One group of outlaws is working with the police to bring down another group. The first group picks up a couple bundles of pot on the Canadian side of the border and brings them across, and places tracking devices somewhere in the bundles. The cops then observe (from a distance) as the first group delivers the pot to the second group (the ones the cops are after). The cops don't have visual contact with the pot all the way to its destination, but they do track it using the planted devices. When it gets to the destination (a biker hangout) - can the cops go inside without a search warrant? They'd probably prefer to get a warrant. There's no evidence the drugs are going to be destroyed or removed during the time it would take to get a warrant. That being said, a lot of cops would go in. But the search would have problems in court. And once they find the pot, can they search the place to see what else they can find? No, only in the direct proximity of the crime. Even the search warrant has to define where the police can search. But in the process of securing the scene, they would probably enter every room, so anything visible would be observed. Further, once they go in, they can get a warrant at that point to expand the search.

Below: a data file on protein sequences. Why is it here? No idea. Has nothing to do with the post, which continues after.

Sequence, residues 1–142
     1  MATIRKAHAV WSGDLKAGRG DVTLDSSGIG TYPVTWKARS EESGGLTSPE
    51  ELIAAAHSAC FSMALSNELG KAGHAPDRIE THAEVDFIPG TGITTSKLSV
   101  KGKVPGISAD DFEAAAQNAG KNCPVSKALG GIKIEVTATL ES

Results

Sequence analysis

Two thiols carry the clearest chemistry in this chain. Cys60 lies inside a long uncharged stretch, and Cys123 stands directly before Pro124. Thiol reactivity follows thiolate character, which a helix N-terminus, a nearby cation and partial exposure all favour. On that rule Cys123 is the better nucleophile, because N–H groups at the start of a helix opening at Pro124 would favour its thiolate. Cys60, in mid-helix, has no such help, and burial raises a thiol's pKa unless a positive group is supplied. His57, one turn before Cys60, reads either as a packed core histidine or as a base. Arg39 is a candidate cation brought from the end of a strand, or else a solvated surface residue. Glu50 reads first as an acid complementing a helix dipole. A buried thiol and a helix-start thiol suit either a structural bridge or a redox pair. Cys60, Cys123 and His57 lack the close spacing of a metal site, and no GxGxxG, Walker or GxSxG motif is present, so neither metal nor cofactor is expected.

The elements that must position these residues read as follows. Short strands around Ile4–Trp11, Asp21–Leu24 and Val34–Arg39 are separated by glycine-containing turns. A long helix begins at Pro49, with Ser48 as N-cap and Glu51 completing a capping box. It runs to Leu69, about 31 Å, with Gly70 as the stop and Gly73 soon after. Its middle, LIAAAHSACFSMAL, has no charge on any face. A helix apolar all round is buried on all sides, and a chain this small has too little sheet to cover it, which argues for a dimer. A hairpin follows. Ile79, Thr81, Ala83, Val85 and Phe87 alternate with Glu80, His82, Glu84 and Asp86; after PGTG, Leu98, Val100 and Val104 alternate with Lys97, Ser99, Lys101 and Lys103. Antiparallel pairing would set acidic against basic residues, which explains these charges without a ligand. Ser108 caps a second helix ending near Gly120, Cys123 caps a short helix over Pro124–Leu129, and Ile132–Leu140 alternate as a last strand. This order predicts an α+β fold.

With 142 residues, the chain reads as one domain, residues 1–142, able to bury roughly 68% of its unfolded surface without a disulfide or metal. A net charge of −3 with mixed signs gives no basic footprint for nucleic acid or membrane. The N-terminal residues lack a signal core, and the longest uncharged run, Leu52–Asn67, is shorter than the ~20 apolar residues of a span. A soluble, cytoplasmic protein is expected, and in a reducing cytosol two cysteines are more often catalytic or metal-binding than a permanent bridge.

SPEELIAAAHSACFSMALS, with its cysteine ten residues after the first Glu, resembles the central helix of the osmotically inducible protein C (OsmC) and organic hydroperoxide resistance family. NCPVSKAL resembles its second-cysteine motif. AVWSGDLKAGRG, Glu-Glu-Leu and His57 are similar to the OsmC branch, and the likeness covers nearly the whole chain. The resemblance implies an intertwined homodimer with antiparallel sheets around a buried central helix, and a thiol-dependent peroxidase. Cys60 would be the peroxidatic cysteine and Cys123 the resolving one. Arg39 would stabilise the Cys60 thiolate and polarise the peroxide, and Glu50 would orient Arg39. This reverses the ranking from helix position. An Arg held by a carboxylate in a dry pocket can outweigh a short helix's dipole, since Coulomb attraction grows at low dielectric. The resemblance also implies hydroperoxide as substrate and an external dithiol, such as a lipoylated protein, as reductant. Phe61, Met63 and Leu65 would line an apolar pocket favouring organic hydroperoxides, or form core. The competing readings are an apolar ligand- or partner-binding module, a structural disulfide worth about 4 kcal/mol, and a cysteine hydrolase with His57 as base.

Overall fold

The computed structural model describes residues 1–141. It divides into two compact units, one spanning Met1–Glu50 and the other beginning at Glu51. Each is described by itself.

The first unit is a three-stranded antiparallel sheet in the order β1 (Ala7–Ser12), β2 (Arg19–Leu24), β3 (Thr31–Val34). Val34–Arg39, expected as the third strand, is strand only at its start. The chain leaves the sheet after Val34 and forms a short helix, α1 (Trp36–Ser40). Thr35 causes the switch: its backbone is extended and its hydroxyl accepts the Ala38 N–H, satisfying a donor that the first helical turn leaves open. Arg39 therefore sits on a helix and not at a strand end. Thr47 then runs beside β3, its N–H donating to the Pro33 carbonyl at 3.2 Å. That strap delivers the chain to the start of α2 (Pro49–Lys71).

And how would charges work on that - is anyone who was in the building deemed to have been in possession? It depends upon whether there is an argument that they would have been in possession. In a biker hangout, it might not have been shown to all the members. Again, a judgment call. But the police would probably arrest everybody and sort it out later. Like, if there was no one standing near the drugs when the cops arrived. Would RICO play into this, given that it's a biker club with a history of drug trafficking? Yes, RICO would apply, but I'm not sure how you're looking to apply it.

Thanks very much for any help - I HAVE done some research on this, but it's nice to have expert opinions to back up my application of the rules to my specific situation.

Best of luck,

Jim Clark-Dawe

MarkEsq
08-29-2010, 01:05 AM
Just popping in to say that Jim is bang on with his responses. You have a carefully planned LE operation going on here, so it would be unrealistic IMO for the cops to risk the operation by going in without a warrant. In reality, they have one drafted up in advance and they'd fill in the details as the operation progressed. As soon as the warrant is signed, in they go.

As for who they'd charge, they would probably have specific targets in mind and grab them. If they are after the big boys they wouldn't bother sweeping up everyone in the bar, though Jim's right that they could.